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How cargo bikes optimise your logistics performance

The demands on parcel service providers are growing with the increasing number of orders. Delivery times are more difficult to meet. Freight bikes, cargo bikes and bicycle couriers are becoming increasingly attractive as new delivery models for companies that are increasingly delivering to urban areas. This is not only due to the increasing expansion of the infrastructure for bicycles, but also to the considerable optimisation potential. While some are already experimenting with this future-proof cargo bike delivery service, city logistics has some technological requirements.

The advantages of the cargo bike model

Problems of the standardised delivery model can be skilfully circumvented with cargo bikes. One example is the search for suitable personnel: while the operation of a truck requires a driving licence and registration, they are not necessary for Cargobike and cargo bike. Furthermore, environmental zones, alleys or no-stopping zones are no longer a difficulty. The rider can even use cycle paths and push the bike through pedestrian zones.

In addition to industries with a high density of customers, food vendors with a delivery service also benefit from the solution. After all, an elaborate organisational system allows cargo bikes to meet the same requirements for special transport conditions as an ordinary delivery vehicle. Quickly perishable products, for example, can be transported in a refrigerated container.

City Logistics: Flexible overview thanks to route optimisation

While cargo bikes promise many advantages compared to the regular method with trucks or vans, the integration of technological systems is imperative for optimal utilisation. Route optimisation systems can meet the special demands of well thought-out planning. With the help of algorithms and filters, they calculate the ideal route for the cargo bikes.

A second challenge that these systems successfully master is to include the electrification or battery power of e-bikes (such as Hermes uses) in route planning. In doing so, they measure the charging time for a depleted battery as well as the maximum distance a cargo bike can cover with a charged battery.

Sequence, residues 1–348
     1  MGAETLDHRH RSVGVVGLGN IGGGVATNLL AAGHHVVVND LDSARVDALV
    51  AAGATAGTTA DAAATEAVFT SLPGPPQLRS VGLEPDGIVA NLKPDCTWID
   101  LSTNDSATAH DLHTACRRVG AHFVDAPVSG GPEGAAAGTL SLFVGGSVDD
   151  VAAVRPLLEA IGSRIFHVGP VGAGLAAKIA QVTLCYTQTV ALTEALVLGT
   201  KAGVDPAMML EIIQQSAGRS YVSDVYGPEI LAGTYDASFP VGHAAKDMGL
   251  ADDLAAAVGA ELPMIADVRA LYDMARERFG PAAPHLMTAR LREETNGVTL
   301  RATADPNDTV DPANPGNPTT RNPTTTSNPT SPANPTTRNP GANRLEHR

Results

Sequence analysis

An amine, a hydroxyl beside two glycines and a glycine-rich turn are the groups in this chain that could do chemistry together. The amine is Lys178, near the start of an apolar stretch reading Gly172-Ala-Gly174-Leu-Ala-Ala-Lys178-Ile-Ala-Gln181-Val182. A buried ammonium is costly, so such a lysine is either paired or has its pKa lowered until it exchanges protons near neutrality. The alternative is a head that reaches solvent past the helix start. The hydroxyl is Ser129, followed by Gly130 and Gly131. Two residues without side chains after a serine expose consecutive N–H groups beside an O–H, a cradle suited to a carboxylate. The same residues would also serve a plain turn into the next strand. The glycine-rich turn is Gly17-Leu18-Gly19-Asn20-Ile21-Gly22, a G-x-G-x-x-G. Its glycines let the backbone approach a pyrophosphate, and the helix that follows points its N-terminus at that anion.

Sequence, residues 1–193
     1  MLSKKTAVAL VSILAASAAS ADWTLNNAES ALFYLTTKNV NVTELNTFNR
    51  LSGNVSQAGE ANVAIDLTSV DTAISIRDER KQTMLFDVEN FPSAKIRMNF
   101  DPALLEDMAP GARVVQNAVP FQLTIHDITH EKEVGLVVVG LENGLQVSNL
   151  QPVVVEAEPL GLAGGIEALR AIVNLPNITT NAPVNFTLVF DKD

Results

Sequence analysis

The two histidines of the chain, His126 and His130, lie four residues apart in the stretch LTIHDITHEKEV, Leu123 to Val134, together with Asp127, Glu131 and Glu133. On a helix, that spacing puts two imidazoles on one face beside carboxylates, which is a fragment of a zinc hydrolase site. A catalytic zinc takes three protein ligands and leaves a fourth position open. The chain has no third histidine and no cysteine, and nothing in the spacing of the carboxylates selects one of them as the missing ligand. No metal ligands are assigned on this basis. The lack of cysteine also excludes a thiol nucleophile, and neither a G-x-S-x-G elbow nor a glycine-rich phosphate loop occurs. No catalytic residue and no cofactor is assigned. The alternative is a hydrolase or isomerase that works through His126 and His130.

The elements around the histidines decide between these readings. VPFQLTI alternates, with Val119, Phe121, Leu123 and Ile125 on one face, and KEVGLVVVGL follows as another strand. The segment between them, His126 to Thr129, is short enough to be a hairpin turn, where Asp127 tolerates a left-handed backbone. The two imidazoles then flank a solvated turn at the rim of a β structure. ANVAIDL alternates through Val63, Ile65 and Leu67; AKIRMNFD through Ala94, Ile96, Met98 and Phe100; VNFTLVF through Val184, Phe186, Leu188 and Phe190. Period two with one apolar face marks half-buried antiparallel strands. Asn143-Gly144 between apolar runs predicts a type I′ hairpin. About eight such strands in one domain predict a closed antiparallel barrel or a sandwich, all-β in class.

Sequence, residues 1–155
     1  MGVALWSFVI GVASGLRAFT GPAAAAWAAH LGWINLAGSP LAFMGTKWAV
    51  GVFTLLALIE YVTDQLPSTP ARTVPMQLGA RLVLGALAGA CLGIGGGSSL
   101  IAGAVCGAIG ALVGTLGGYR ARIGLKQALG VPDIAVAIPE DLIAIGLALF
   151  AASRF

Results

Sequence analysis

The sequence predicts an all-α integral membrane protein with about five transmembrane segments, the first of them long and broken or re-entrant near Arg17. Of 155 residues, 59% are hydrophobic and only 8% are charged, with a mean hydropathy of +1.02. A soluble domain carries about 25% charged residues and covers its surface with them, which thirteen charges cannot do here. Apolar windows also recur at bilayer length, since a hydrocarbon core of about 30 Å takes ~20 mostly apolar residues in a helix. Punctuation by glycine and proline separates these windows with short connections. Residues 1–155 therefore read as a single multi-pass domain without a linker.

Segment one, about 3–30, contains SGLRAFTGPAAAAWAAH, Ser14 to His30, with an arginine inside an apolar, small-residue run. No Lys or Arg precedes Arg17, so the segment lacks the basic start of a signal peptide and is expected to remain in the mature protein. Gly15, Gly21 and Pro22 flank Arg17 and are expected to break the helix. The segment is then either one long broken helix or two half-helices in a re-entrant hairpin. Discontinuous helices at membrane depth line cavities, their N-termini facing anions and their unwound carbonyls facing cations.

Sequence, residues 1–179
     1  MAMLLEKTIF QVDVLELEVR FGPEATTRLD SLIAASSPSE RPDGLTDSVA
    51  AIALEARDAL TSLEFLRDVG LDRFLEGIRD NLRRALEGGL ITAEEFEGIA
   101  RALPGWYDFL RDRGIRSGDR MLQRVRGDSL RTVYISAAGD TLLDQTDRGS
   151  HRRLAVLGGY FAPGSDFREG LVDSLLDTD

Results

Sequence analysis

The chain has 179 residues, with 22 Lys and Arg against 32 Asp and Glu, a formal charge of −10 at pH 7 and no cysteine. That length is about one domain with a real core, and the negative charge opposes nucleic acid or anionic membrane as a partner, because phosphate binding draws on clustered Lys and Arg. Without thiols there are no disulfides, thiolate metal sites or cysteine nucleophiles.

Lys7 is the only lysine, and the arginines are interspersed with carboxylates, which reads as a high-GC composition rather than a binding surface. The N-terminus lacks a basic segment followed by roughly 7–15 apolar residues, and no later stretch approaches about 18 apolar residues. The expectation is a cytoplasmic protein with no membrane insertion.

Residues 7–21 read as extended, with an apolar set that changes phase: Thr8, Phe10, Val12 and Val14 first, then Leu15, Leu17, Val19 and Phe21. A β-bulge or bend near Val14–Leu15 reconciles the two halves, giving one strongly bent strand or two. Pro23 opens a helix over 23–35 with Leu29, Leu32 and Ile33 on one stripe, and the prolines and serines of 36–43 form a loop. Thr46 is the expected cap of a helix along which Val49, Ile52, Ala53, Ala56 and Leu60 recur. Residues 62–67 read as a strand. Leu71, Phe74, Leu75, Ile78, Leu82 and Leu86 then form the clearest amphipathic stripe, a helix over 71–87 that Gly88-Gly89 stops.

As the only relevant cost points are the wear and tear of the wheels and the personnel, the purpose of route optimisation is fourfold:

• Relieve staff

• Minimise travel times

• Save wheels

• Meeting delivery deadlines

Relieving the burden on couriers through technology

A route optimisation system supports not only logistics but also the employees themselves. It splits the parcels taking into account the delivery and pick-up locations. The courier can also accept new parcels during the journey - the system updates the route immediately. In addition, it provides relief for deliveries to new areas: the route planning includes blocked road sections and new orders in its calculation before informing the driver about the changes.

Another example of technological support for staff is the InkluServ project. This research project was launched by WEK Werkstätten Esslingen-Kirchheim GmbH, the Fraunhofer Institute for Industrial Engineering and gts systems & consulting GmbH. It aims to create an assistance system for the transport of goods that enables severely disabled drivers to deliver independently. To this end, it replaces metric route information with concrete clues. For example, the request "Turn right in 250 metres." becomes "Turn right after the big tower."

Conclusion: Cargo bikes convince as a sustainable method

Delivery services are becoming more popular and parcel delivery companies are increasingly looking for efficient solutions to cope with the rising number of orders. Combined with a route optimisation system, the cargo bike model achieves the corresponding service quality. Last but not least, the switch to e-bikes also means an early adaptation to the increasing requirements of environmental policy. At the same time, the couriers are relieved more and special services such as express delivery are better fulfilled. Therefore, the model is not suitable for rural areas, but all the more so for urban areas with a high population and delivery density. Especially the last part of the delivery route can be served much more efficiently by a cargo or load bike than by standardised trucks and vans. Because the so-called last mile still means a time-consuming walk for many suppliers.

You want to optimise the flexibility of your cargo bikes? The tour optimisation software TransIT from gts makes it possible!

Here you can find our Success Stories .

How cargo bikes optimise your logistics performance - gts systems

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